The accountable person, however, filed a return. The date of the filing of the return is not clear and that it is also not necessary for our purpose. The Assistant Controller however, informed the accountable person on 14-5-1981 that deduction of Rs. 3,75,000 had been wrongly allowed in computing the value of the assets of the HUF of N.N. Mohan & Sons in regard to marriage, maintenance and education of the girls, that the residential house valued at Rs. 1,37,500 should have been included in full in the assessment and further the shares of some of the companies had also not been properly valued. After hearing the accountable person, the Assistant Controller made the reassessment on 21-5-1981. In this assessment, he enhanced the deceased's share in the assets of N.N. Mohan & Sons (bigger HUF) by Rs. 23,437. Simultaneously he also increased the value of the assets of the lineal descendant for rate purposes by an amount of Rs. 46,874. He also withdrew the exemption of Rs. 1 lakh earlier allowed in the assessment with regard to property at 23, Gokhale Marg, Lucknow. He also enhanced the value of the shares owned by the deceased by Rs. 24,127.

2. The accountable person appealed to the Appellate Controller. There were two submissions before the latter. The first was that the proceedings initiated under Section 59 were invalid and void and, therefore, no legal assessment could be made on the basis of the notice issued under that section to the accountable person. It was next submitted that if the argument regarding the validity of the assessment was not found to be acceptable, then even on merits the assessment made was not correct. The Appellate Controller rejected the first contention. According to him, the audit had merely communicated certain information to the Assistant Controller without expressing any opinion on any question of law and such information falls within the scope of Section 59(6). In this connection, the Appellate Controller relied on the decision of the Supreme Court in Indian & Eastern Newspaper Society v. CIT [1979] 119 ITR 996 (SC).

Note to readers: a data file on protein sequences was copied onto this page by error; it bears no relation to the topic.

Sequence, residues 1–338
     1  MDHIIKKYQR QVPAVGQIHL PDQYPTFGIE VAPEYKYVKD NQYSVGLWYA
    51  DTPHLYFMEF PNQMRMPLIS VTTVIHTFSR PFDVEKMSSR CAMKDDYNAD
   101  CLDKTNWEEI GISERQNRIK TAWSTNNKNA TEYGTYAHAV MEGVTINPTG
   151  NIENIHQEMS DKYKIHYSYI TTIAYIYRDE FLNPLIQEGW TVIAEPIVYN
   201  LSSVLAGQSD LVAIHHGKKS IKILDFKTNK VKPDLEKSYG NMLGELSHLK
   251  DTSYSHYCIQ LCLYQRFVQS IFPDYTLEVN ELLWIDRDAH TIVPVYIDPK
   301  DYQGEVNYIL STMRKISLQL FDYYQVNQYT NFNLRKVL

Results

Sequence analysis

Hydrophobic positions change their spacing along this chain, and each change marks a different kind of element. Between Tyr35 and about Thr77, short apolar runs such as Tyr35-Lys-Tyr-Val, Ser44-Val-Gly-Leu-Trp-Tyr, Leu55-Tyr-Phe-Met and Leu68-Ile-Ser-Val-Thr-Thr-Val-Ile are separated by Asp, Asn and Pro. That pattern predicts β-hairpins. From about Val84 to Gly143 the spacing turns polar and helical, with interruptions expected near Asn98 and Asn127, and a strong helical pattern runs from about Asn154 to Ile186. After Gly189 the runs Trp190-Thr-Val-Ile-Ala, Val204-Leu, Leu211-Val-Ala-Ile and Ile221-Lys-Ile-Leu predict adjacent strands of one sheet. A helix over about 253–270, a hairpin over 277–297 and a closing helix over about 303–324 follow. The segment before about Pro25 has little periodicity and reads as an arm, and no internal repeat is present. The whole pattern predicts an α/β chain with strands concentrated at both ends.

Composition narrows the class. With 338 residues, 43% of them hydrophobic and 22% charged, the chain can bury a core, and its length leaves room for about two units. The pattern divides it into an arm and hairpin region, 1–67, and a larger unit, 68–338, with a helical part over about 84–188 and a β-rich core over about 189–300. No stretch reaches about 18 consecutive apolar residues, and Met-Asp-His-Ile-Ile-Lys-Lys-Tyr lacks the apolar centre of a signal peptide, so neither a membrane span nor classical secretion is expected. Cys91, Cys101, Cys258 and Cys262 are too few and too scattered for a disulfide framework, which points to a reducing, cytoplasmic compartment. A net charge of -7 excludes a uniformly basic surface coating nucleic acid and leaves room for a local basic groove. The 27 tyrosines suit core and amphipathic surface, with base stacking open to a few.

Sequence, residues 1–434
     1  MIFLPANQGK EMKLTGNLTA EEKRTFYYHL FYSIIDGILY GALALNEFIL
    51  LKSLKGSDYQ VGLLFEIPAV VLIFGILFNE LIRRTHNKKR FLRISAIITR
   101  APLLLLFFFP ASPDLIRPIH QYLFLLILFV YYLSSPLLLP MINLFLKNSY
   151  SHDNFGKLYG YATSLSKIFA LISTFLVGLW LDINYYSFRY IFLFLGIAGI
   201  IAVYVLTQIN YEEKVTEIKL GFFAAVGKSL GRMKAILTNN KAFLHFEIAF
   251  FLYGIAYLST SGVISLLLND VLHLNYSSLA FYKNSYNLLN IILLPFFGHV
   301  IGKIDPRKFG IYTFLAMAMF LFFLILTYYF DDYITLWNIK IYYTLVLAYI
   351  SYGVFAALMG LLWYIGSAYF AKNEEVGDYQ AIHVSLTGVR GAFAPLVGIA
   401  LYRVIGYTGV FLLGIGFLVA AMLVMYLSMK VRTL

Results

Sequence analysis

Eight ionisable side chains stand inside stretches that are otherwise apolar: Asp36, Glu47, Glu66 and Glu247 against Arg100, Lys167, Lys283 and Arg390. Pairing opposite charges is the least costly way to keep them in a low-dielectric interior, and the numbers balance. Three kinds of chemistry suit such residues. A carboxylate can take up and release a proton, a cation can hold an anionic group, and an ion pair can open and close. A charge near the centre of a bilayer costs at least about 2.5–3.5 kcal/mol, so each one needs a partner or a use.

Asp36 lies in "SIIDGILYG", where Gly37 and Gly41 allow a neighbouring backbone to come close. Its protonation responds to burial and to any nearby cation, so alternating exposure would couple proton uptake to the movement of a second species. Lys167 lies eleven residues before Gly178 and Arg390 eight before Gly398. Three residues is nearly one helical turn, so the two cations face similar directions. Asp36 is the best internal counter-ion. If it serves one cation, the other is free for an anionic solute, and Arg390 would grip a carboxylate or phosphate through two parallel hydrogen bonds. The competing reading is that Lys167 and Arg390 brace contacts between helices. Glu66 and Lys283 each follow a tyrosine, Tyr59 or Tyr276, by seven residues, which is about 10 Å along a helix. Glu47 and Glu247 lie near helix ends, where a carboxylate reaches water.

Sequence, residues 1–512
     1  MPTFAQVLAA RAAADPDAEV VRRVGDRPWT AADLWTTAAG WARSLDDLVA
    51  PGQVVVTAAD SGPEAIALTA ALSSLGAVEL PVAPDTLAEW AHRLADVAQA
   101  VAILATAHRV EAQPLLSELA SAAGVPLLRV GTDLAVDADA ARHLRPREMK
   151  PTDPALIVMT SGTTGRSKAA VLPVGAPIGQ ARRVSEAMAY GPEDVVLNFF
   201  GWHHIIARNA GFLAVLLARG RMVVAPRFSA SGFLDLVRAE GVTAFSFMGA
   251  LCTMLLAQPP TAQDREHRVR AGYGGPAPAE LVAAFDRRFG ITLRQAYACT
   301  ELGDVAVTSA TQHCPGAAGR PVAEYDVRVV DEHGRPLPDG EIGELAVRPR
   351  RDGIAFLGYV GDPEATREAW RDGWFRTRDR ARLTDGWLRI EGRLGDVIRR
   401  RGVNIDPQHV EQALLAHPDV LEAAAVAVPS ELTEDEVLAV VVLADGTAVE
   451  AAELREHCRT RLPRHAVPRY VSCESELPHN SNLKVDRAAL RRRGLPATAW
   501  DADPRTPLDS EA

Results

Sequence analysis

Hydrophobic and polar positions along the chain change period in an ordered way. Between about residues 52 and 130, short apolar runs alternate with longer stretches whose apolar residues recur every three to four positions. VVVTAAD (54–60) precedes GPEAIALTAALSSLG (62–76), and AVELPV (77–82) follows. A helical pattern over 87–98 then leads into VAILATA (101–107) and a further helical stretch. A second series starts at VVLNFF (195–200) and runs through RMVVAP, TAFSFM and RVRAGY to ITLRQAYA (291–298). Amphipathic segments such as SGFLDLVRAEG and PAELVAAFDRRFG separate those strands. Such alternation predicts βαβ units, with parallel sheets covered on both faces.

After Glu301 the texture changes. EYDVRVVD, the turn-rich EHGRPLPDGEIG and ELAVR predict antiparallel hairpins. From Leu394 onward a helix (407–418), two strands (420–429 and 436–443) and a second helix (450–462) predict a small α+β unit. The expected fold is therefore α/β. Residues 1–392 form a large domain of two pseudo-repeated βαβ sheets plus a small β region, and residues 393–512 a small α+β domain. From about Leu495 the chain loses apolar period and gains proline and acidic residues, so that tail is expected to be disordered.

3. The Controller (Appeals) then dealt with the various additions separately. He pointed out that the valuer while valuing the property during the course of reassessment proceedings had clearly stated that only a small tenement was reported to have been taken up for construction in the year 1972 and that too was in the middle of construction on the date of the death of the deceased on 28-1-1973.